It’s exciting to see Shyamalan on such confident footing once more, all these years later.
"Welcome to the Rileys" takes two old plots and makes a rather touching new plot out of them. What we've seen before is (1) the good man who hopes to redeem a prostitute, and (2) the frozen suburban couple who find new hope in their marriage. The film involves such characters in a story that is a little more real and involving than we expect.
James Gandolfini stars as Doug Riley, an Indianapolis plumbing supplies contractor. His wife, Lois (Melissa Leo), hasn't been able to leave their house in years. He's having an affair with Vivian (Eisa Davis), a black waitress at a pancake house, and their two brief scenes together show enormous warmth. He isn't ready to leave his wife, however, perhaps because he knows she would not survive alone. Their daughter was killed at 15 in a car crash.
Doug goes to New Orleans for a convention, is depressed, wanders into a stripper bar and finds himself through no desire of his own receiving a hard sell from Mallory (Kristen Stewart). He doesn't want sex. He wants to talk. She thinks he's crazy. She is worn and wounded, hostile and vulnerable. He drives her home and ends up fixing her plumbing, cleaning her shabby shotgun house and offering her $100 a day to stop hooking.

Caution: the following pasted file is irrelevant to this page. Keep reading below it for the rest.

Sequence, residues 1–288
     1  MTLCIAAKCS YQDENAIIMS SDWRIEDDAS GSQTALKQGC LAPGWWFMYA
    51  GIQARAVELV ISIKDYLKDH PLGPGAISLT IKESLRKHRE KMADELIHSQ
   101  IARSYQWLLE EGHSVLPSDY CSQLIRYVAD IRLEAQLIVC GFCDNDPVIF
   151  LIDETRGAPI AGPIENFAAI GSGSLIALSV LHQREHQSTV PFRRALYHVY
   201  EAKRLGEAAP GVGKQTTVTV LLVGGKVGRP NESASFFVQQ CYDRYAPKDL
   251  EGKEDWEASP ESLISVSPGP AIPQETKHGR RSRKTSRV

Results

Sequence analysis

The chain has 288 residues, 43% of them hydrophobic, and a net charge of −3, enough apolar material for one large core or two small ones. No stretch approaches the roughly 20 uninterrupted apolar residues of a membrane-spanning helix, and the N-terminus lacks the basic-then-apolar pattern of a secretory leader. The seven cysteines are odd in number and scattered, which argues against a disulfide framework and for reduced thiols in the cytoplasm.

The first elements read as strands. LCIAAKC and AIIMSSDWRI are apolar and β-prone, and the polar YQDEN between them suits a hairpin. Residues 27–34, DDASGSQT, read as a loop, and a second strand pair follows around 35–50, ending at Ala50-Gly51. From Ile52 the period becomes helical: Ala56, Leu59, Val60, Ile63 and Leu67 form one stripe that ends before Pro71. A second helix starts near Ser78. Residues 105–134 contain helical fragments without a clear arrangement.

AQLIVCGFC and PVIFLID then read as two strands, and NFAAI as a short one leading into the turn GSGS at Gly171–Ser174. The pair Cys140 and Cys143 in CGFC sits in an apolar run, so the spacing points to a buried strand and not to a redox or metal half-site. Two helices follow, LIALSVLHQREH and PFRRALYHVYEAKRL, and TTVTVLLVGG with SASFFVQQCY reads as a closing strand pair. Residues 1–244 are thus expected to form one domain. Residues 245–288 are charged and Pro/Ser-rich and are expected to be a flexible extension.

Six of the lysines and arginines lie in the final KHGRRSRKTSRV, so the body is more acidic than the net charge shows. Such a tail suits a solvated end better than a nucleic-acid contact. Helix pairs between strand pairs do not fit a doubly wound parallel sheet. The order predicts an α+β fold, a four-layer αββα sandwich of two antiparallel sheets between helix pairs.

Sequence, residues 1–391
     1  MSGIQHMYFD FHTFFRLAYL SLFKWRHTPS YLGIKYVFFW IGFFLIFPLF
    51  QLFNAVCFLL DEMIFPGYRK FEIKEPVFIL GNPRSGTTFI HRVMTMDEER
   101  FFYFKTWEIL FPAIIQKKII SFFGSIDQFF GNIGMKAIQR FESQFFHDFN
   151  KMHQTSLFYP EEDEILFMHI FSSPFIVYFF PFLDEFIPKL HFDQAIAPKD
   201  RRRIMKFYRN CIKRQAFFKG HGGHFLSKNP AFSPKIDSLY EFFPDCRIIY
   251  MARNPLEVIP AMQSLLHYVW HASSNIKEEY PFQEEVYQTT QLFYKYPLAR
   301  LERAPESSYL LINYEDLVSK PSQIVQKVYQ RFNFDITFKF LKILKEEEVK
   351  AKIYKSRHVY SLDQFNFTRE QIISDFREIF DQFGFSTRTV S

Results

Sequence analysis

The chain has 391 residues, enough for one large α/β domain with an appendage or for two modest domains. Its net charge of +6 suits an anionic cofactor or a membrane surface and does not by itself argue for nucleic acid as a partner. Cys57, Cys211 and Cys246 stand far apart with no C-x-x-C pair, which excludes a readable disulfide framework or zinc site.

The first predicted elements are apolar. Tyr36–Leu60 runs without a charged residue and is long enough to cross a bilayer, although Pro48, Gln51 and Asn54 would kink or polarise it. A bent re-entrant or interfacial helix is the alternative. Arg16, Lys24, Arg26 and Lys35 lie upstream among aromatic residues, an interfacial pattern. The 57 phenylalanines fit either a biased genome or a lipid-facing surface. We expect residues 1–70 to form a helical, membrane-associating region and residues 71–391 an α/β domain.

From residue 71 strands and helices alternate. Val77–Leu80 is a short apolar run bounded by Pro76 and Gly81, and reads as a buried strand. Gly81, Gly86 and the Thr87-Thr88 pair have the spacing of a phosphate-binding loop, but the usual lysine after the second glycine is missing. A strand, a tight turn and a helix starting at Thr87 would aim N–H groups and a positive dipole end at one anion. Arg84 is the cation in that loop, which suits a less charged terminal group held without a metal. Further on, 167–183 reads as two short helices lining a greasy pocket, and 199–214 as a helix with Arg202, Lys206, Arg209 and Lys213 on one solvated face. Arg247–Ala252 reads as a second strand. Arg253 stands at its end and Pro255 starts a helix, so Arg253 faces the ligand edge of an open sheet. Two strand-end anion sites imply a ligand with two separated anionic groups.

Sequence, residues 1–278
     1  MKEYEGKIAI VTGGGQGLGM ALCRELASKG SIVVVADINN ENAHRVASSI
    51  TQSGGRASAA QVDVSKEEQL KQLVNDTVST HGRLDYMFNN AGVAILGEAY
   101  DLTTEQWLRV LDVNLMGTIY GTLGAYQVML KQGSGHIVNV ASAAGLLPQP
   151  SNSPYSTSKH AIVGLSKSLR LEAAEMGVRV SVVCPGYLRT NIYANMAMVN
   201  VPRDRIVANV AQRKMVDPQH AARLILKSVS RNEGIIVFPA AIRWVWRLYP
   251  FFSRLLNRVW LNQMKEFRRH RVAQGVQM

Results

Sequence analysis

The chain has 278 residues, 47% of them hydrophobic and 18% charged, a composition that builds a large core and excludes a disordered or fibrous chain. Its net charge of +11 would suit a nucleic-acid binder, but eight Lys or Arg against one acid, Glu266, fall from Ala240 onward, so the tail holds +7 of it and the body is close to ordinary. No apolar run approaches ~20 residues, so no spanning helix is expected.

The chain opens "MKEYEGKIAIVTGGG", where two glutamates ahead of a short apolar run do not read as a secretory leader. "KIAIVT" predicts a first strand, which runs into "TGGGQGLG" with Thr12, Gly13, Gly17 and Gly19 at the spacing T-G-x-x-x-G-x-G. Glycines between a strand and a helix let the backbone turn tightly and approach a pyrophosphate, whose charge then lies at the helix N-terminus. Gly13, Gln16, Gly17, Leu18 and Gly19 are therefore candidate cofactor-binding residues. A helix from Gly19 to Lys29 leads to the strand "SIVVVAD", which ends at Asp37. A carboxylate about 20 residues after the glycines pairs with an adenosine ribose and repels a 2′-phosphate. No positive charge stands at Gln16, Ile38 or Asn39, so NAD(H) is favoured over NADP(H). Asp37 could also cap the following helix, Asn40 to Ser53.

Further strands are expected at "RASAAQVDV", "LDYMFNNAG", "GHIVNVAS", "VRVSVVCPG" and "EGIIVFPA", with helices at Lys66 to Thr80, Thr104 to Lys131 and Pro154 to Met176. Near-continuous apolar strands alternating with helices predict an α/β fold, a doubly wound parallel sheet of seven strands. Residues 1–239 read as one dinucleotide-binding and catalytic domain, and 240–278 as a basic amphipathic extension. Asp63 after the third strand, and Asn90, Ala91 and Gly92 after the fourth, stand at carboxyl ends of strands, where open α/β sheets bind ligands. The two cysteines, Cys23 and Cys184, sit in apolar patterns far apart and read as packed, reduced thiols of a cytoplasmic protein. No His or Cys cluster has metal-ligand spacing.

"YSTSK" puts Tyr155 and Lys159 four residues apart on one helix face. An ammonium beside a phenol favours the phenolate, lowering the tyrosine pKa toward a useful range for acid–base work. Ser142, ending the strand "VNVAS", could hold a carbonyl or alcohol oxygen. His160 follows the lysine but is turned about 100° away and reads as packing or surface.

We think we see where this will lead. That's not where it leads. Ken Hixon's screenplay deliberately avoids most of the obligatory dialogue in a situation like this and throws some curves at us. One of the surprises involves Lois. Mired in deep depression, Doug decides with a jolt to sell his business and stay in New Orleans. When he informs Lois, she finds the courage to leave her house and drive herself down to New Orleans.